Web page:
Categorize each device based on the following categories:

  • Low: Equipment using 100 kilobits per second (Kbps) or less, such as e-fax machines, computers for basic email and web surfing tasks, and VoIP phones.
  • Medium: Devices transferring 100 to 500 Kbps while emailing, downloading files, streaming video, and extensive web browsing.
  • High: Hardware requiring 500 Kbps to 2 Mbps that supports cloud-based software programs, including Enterprise Resource Planning (ERP) and Customer Relationship Management (CRM) programs.
  • Intensive: Devices using 2 Mbps or higher, such as HD video conferencing equipment for meeting rooms and personal users.

Determine your peak bandwidth usage by calculating how many hours a day each device is used. Next, consider how many employees use the same network and how much time they spend online. Examining usage among users and devices provides insights into service quality during peak operational times and capacity limits.

Speed Tests: Monitoring and Assessing Use

Regular speed tests show variances between days and times on wired and wireless connections. It’s essential to complete them frequently to ensure that your services meet the standards offered by your provider. Moreover, a speed test can catch quality issues after introducing new technologies or completing digital transformation objectives.

Speed tests calculate upload speed, ping, and download speed. Ping measures the responsivity of your connection — the time it takes for one computer to send a signal to another on the same network. Ping is a one-way trip, whereas latency measures the round trip. In addition, upload and download speeds benchmark your Mbps. Advanced tools may also compute jitter rates, which reflects inconsistency in latency.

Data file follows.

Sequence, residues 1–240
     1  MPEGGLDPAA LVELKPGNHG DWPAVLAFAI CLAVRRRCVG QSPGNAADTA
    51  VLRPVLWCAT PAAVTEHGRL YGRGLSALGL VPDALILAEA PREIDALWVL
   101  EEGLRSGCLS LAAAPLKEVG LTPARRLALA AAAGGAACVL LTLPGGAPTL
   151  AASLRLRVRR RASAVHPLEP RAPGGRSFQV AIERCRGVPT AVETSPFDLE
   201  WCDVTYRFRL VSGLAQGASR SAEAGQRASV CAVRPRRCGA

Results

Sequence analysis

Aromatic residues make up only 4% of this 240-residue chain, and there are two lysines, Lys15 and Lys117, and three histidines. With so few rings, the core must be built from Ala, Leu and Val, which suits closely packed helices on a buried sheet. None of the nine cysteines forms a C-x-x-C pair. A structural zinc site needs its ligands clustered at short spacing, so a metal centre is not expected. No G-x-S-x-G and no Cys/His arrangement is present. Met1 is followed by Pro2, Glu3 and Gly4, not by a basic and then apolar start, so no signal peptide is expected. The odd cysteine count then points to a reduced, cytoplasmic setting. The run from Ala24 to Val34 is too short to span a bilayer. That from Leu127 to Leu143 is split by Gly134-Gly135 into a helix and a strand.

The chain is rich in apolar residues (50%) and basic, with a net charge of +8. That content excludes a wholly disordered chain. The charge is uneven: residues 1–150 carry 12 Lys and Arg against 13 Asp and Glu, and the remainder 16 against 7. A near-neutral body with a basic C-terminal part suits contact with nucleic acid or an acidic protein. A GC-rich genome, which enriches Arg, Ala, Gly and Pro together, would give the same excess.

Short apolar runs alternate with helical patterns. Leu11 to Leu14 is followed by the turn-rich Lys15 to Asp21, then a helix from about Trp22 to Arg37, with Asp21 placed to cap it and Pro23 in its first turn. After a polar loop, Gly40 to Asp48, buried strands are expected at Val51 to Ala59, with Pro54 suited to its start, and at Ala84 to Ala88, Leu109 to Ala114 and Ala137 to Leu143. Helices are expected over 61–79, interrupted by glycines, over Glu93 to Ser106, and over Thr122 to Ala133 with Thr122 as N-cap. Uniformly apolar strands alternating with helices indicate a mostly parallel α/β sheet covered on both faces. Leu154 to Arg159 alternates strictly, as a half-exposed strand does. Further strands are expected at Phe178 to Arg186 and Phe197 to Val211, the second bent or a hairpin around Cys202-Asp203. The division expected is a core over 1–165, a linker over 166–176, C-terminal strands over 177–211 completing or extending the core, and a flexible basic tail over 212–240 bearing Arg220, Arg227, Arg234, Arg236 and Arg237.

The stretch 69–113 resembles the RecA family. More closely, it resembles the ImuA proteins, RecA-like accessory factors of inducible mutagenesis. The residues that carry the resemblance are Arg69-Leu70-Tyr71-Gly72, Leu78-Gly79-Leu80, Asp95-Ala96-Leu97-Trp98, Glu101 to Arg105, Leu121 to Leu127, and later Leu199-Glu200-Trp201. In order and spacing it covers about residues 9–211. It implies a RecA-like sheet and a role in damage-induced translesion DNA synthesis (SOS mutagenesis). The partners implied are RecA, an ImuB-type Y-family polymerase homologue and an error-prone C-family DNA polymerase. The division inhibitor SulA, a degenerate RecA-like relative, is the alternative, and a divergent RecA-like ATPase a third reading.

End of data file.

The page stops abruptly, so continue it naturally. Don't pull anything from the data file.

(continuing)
Preparing for Growth

Your internet bandwidth and speed affect the success of your technology initiatives. You can introduce top-notch tools to improve employee and customer experiences, but adoption will be slow if the online platforms aren’t responsive.

Therefore, it’s vital to assess what impact tech improvements or upgrades have on your internet service. The same goes for adding new locations or distributed VPN-connected workforces. ISPs with flexible packages and services help you scale from small business connections to enterprise-grade DIAs.

Partnering with a managed service provider (MSP) offers access to several other supportive services, including:

  • Secure networking solutions such as MPLS, Metro Ethernet and SD-WAN
  • Network failover to secondary WAN networks
  • System migration and ongoing helpdesk support
  • Backup and Disaster Recovery as a Service
  • Cloud-based VoIP and PBX business phone services

What You Can Do Right Now

The internet is a vital part of how we get business done. These days that means figuring out your bandwidth needs and how to provide for them. Here’s what you need to do:

  • Take a look at your current connection with a speed test. You can test your current speed here.
  • Figure out how many users you expect to have, and what their needs are.
  • Get a connection with room to grow, not one that barely meets your needs.

Choose the Best Business Enterprise Service Plan

Your ISP may offer several internet bandwidth options, such as cable, broadband, or fiber optic services. From there, you can select shared or dedicated, symmetrical or asymmetrical, lines. Enterprise-grade plans also include customizable speed options, including fixed and burstable billing.

Your ISP should function as an outsourced arm of your IT team and provide tools, such as web-based portals for tracking your domains’ and circuits’ performance.  Contact Cox Business to learn about enterprise packages with service-level agreements for guaranteed uptime and 24/7 dedicated support teams.